Answer: not enough support for it to happen with an intact community.
I think calling off the fork was the right move, and this coming from someone who is heavily politically and sentimentally aligned with the backers of 2x.
SegWit2x was a good faith attempt to keep the bitcoin community united. It was a strategic mistake to agree to Segwit first on a conditional promise to fork to 2mb later. That was never going to happen, and BitcoinCash was only a convenient cassus belli.
It’s been disappointing to see where the rhetoric from both sides has led, and for me personally it’s been instructive in human nature, conflict over resources, and our capacity for magnified disagreements.
Going forward, we will see empirical competition between Bitcoin and Bitcoin Cash. If big blocks are indeed a risk to centralization, then no one will use Bitcoin Cash, and BitcoinSegWit will always be there. If high transaction fees are a bigger risk toward centralization, then we will see users and businesses move away from Blockstream’s vision and toward BitcoinCash.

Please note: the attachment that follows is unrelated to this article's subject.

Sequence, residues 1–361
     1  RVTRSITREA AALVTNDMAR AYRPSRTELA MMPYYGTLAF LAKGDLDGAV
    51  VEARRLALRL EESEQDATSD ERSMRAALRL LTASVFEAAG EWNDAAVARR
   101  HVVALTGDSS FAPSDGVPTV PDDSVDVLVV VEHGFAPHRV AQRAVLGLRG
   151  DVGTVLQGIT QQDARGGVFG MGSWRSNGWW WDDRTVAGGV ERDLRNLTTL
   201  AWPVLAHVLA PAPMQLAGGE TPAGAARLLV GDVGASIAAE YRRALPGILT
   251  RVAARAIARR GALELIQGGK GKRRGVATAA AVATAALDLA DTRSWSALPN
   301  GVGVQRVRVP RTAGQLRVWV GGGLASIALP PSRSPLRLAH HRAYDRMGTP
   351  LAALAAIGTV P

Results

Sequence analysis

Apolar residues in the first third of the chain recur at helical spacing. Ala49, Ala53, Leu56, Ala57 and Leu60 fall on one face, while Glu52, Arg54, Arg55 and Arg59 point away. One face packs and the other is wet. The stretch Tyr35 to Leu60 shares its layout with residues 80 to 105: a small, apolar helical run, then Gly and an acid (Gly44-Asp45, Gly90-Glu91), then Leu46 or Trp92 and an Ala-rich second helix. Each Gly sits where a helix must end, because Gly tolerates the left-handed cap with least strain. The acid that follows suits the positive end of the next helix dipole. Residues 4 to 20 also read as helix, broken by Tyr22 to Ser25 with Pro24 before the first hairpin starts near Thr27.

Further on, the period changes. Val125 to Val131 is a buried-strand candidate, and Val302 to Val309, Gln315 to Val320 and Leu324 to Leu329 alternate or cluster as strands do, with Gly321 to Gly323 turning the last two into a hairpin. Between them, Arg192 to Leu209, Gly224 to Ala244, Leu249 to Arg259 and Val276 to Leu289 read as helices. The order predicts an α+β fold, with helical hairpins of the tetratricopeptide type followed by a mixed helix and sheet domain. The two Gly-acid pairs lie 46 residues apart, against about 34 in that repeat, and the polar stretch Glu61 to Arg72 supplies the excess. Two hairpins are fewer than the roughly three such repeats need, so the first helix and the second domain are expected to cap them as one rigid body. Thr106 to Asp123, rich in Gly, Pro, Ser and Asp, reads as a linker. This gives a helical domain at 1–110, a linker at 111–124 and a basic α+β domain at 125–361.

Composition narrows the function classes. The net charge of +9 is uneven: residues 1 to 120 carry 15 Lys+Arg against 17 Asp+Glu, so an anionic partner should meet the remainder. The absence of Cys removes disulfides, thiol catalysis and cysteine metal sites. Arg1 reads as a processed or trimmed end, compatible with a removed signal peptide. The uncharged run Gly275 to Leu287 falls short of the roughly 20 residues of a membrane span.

For now, we have seen nothing but a trend toward more centralization from all parties, the same we see in other human conflicts like warfare…where even decentralization-inspired institutions like the US Confederacy or the South African Boers are competitively forced into centralized planning of logistics and coordination.
We’re talking about humans and money here, so the “best” product will not necessarily win. The picture is becoming more clear, however, and I’m glad there is a peaceful way to move past this mess.
I’m on board with Bitcoin.com’s editorial position: Bitcoin Cash is Bitcoin.
At the time of this post, 1 Bitcoin traded for $7,187 on Coinbase and 1 Bitcoin Cash traded for $636 on Kraken.